At Lockwood Baptist Church in Huddersfield we too have been receiving asylum seekers near the church (‘Seeking Asylum, Finding Christ’, March). First a group of Syrians, whose village had been attacked. Then some Iranians, of whom we've already baptised four. We too run a long course of preparation, finding that many have very little knowledge of the Christian faith, but do have a genuine encounter of Jesus, through seeing the Christian nature of a friend who turns out to be a “secret believer” or finding in others ways how Jesus makes a difference in a way that their nominal Islam did not.

Brian Davidson


I have read much recently on a Christian response to sexuality and gender issues. I was looking forward to seeing where Glynn Harrison took the debate in his Q&A in the March issue. However, I finished in despair due to the following statement: “A lot of married women in their 50s say, ‘I’ve had enough of him, the kids have grown up, I’m off.’” At best, this apparent blaming of women for the breakdown of marriages is unhelpful. At worst, I have to ask if such a statement is underpinned by a continuing unhealthy view of women found in the male leadership and congregations of some evangelical churches.

Neil Tansley


Dear Rev Roger, With reference to your recent letter, you missed one: “All modern worship songs must be published and performed in keys that are inaccessible to the average congregation. On no account should women especially be able to sing the entire song without having to switch  register. They should be forced to do this so frequently they give up.”

Redman, Tomlin, Wickham etc please take note – it’s getting tiresome.

Rachel Stacey  


It was very thoughtprovoking (First word, March) to consider Donald Trump, safety and the Christian. It reminded me of CS Lewis’ words through Susan in The Lion, the Witch and the Wardrobe: “Is Aslan quite safe? ‘Safe?’, said Mr Beaver, ‘Who said anything about safe? Course he isn't safe. But he is good. He's the king.’”  Let’s have more teaching on surrendering safety in favour of goodness.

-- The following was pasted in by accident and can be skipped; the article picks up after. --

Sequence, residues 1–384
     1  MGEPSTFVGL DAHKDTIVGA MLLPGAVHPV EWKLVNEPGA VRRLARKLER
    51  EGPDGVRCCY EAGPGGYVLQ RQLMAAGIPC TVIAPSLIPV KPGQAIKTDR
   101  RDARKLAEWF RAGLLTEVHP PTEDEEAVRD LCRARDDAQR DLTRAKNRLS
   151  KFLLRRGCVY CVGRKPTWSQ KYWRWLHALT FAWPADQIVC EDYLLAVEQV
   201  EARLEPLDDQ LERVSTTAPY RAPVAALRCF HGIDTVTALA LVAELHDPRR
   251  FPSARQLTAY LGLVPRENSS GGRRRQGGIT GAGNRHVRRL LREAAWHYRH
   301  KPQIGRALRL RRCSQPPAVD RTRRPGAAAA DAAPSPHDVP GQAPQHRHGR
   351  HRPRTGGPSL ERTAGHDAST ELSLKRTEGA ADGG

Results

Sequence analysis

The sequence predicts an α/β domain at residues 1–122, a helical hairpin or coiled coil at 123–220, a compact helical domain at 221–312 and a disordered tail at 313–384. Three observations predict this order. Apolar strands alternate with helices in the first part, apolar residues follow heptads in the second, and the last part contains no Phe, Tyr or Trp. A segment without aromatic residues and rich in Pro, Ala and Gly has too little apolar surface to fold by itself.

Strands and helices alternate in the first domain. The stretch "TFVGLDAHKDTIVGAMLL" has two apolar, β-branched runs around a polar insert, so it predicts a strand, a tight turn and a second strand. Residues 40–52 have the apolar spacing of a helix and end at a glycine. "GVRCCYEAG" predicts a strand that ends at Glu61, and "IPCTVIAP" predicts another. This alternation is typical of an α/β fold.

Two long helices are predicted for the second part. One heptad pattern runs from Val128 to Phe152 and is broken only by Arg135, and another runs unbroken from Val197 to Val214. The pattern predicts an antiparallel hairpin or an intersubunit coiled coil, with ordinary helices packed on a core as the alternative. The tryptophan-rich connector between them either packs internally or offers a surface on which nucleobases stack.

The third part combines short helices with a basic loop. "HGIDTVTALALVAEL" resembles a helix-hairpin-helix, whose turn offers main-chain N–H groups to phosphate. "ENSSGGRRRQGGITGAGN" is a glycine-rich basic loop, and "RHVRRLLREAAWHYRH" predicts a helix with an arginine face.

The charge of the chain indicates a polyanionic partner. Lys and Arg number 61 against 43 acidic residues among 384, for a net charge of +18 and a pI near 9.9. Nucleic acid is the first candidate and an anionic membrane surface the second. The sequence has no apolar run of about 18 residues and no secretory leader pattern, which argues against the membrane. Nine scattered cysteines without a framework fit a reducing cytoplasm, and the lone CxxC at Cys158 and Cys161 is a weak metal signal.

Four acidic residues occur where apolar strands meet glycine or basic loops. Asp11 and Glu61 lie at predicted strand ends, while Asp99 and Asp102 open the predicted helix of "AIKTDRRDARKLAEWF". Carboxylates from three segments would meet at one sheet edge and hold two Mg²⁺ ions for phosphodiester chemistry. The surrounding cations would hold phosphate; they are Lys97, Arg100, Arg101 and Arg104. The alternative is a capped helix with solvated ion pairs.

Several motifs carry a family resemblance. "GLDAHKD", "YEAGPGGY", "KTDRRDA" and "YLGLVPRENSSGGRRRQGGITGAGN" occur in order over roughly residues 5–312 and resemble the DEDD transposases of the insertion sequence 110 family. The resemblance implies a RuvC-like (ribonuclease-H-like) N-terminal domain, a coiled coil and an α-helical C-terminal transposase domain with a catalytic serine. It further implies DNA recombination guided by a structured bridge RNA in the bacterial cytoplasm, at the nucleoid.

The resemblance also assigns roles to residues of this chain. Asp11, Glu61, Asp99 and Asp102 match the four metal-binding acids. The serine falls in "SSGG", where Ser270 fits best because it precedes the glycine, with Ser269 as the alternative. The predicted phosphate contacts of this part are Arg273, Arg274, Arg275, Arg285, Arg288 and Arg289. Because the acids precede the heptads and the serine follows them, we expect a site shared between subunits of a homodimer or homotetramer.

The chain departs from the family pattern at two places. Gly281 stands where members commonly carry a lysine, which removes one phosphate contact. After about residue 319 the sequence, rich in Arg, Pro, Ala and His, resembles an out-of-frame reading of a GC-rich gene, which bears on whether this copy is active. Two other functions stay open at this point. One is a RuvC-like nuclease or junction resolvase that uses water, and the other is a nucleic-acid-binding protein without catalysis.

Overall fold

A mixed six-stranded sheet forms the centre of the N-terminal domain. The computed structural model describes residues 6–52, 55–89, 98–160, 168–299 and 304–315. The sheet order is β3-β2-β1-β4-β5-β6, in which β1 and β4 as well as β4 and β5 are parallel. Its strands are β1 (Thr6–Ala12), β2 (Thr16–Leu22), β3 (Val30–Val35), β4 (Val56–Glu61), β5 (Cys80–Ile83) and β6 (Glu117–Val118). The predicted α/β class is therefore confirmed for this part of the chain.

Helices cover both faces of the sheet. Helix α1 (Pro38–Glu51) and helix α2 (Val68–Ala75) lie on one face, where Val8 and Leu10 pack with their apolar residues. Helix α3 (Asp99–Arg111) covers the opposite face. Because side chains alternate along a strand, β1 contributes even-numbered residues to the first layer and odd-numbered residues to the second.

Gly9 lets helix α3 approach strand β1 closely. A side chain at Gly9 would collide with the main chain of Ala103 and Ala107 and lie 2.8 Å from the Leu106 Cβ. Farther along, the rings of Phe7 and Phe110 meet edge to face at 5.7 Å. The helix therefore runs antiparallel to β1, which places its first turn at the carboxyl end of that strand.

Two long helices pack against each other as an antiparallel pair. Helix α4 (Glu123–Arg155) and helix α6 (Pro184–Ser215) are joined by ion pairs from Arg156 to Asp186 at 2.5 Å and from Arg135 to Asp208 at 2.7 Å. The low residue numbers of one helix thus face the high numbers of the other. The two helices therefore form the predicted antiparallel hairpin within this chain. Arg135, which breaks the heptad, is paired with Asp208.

Alison Parr


Roger writes…

Dear editor,

I am often surprised by how little I am surprised. Why is it, for example, that there is an almost audible gasp in church whenever the next verse of the worship song doesn’t appear on the screen in time? It happens so often, I would be more surprised if we starting using hymn books again; a development which would fill me with infinite joy. At least we’d be made to sing the original words. If the word “thine” was good enough for the Wesleys, it’s good enough for me. I’m petitioning for it to be put into the youth service.

I am not surprised, therefore, to see your article on archaeological findings supporting the biblical record. Of course they do! It’s obvious! Whatever next in your magazine dedicated to Christianity? ‘EXCLUSIVE: The Bible Exists!’, ‘STOP THE PRESS: Jesus was a man!’, ‘BIG NEWS:  The King James Version is superior!’

I rather hope the rapture is imminent, otherwise I dread to think what future generations would make of archaeological discoveries dating back to our time. When future archaeologists find our places of worship, they won’t be digging up tombs and walls, but noisy amplifiers, brightly coloured carpet tiles and flappy fold-up chairs. It’ll be like discovering a teenager’s bedroom.  Did Jesus walk on luminous green flooring? Well, then.

Yours unsurprisingly,

Rev Roger D Votional